Grammar for Beginners – Introduction to Prepositions

A preposition links nouns, pronouns and phrases to other words in a sentence. The word or phrase that the preposition introduces is called the object of the preposition.

Prepositions work with other words in prepositional phrases. A prepositional phrase usually indicates where (by showing direction or location), how (in what way or by what means), or when (at what time or how long) the action in the sentence took place.

Prepositions are hard for most students. Why? Because there are hardly any rules as to when to use which preposition. The only way to learn prepositions is looking them up in a dictionary, reading a lot in English and memorizing useful phrases.

Let’s start!

Prepositions That Express Time And Place

The following are a few examples of using in, at, and on to show time and place:


• In a month or a year
Example:  “I moved here in 2007 in September”

• In a specific period of time
Example: “She will be in Rome in a few days (seconds, months, etc.)”

• In a specific period of the day
Example: We are going to the park in the afternoon (morning, evening exception: at night)”

• On a specific day
Example: “The party is on Saturday, on your birthday”

• At a specific time or specific period of time
Example: “We will eat at 3:00 at noon (at night at dawn at lunch)”


• In a location surrounded by something else
Example: ” I live in the state of Nevada (in the livingroom in my apartment in the closet in the tub in downtown New York)”

• At a specified location
Example: “Let’s meet at my house (at the store at the corner of Main St.)”

• On a surface
Example: “The poem is on page 32 (on Broadway on street level on the third floor)”
Exceptions: in the attic or in the basement.

Using Prepositions in Common Expressions

There are many expressions in English which include prepositions. This is a list of a few you may often use when writing:

ability in – different from – involved with [someone]

access to – faith in – knowledge of

accustomed to – familiar with – made of

afraid of – famous for – married to

angry with or at – frightened by – opposed to

authority on – happy with – patient with

aware of – in charge of – proud of

based on – independent of – reason for

capable of – in favor of – related to

certain of – influence on or over – suspicious of

confidence in – interested in – time for

dependent on – involved in [something] – tired of

Prepositions in Verb Phrases

Verb phrases are two-word or three-word verbs that combine with prepositions to deliver their meaning. In some verb phrases the verb and the preposition should not be separated by other words: Look at the sky (not Look the sky at).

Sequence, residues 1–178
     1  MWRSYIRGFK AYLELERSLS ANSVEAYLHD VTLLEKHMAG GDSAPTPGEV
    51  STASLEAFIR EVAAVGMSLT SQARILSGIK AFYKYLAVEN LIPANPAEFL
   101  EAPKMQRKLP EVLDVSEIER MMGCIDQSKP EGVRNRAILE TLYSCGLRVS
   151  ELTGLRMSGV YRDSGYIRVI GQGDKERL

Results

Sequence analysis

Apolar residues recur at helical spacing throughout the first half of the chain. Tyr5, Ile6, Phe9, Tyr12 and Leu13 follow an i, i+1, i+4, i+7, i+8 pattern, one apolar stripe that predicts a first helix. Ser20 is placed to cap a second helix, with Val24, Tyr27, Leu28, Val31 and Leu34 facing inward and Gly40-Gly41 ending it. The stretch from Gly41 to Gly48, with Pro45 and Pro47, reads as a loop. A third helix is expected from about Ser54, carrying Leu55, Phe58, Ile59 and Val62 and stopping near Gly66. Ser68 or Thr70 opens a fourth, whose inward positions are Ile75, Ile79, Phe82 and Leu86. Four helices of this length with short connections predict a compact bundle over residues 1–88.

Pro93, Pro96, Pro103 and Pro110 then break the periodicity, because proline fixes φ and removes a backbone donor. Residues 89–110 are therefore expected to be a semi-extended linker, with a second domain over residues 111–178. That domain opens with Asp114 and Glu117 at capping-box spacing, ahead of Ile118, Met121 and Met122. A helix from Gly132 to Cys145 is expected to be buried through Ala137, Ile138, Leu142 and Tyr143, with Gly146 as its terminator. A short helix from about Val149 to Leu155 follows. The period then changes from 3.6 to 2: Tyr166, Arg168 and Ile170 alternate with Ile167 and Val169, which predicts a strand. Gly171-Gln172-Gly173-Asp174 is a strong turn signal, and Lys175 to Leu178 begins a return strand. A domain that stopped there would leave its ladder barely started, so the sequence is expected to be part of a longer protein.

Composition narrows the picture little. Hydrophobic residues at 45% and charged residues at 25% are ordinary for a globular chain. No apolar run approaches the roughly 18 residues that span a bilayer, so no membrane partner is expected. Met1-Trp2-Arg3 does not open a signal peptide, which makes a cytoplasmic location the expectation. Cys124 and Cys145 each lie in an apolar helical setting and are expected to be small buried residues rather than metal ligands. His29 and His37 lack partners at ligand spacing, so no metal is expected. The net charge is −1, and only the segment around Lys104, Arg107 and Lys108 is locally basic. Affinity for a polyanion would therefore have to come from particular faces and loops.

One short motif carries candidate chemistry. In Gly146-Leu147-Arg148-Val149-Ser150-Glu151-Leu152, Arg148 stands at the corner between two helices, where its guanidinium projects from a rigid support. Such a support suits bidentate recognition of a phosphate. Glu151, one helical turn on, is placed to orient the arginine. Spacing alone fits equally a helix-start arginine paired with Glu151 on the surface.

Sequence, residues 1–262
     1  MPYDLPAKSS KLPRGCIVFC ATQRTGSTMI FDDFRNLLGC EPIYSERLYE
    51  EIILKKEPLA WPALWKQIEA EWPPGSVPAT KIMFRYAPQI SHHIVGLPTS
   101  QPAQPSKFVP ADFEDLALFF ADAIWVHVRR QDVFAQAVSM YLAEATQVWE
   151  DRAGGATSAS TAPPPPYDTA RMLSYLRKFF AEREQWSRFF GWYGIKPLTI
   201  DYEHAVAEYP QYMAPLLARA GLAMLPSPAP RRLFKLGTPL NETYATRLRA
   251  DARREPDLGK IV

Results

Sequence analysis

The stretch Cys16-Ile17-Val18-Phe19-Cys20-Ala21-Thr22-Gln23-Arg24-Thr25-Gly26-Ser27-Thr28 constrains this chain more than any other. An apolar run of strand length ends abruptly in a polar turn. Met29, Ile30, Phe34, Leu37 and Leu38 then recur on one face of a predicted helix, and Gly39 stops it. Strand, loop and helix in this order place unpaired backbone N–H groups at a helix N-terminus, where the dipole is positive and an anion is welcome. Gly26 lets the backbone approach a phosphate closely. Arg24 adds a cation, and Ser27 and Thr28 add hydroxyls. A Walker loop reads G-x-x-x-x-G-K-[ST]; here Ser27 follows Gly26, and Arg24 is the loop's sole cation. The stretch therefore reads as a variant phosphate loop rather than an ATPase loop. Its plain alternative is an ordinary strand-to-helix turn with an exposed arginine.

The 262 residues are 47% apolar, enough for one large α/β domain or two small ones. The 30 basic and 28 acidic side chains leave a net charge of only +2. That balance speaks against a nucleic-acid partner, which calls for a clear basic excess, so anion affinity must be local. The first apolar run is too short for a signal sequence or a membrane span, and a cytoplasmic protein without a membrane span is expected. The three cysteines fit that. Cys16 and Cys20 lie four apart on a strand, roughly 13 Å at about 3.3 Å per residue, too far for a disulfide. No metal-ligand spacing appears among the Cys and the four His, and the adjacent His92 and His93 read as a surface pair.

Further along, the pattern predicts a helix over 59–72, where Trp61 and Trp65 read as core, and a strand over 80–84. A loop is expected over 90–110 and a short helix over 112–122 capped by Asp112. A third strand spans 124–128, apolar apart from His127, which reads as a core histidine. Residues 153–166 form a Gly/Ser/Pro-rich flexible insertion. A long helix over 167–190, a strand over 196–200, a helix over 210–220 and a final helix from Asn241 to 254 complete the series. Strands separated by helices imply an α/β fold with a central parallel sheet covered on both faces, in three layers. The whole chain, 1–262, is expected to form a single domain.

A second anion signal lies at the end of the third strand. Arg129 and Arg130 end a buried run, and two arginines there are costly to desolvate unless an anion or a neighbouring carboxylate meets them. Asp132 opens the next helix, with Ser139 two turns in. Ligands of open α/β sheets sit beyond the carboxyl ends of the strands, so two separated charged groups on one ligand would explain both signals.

However, there are verb phrases where the verb and preposition can be separated: I threw away the trash is as correct as I threw the trash away. The following is a list of common verb phrases. The ones that cannot be separated are marked with an asterisk(*).

Common Verb Phrases

ask out – get along with* – look into

break down – get back – look out for

bring about – get off* – look over

call back – get over* – make up

drop off – hand in – run across*

figure out – keep up with* – speak to*

fill out – leave out – speak with*

fill up – look after* – throw away

find out – look around – throw out

Many of these verb phrases are informal and are used more in speaking than in writing.

If you want to continue learning about prepositions and improving your English at an astronomical rate, then sign up for ABA English’s free trial today. What are you waiting for?

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  1. Hi Aba English!

    How about you?

    It’s very useful for me this article because of prepositions confused and mistaken me much.

    Have a good end of the week and great weekend!


    • Hi Belinda!

      Yes, prepositions can be quite complicated, there are so many combinations, right? But practice makes perfect and I’m sure with a bit of study, you’ll stop being confused!:)

  2. Really amazing ABA, I’m from Algeria and I love studying English. I found your courses very simple and comprehensible. I wonder if ABA can help me to translate articles ( scientific one) from French/Arabic to the English language?

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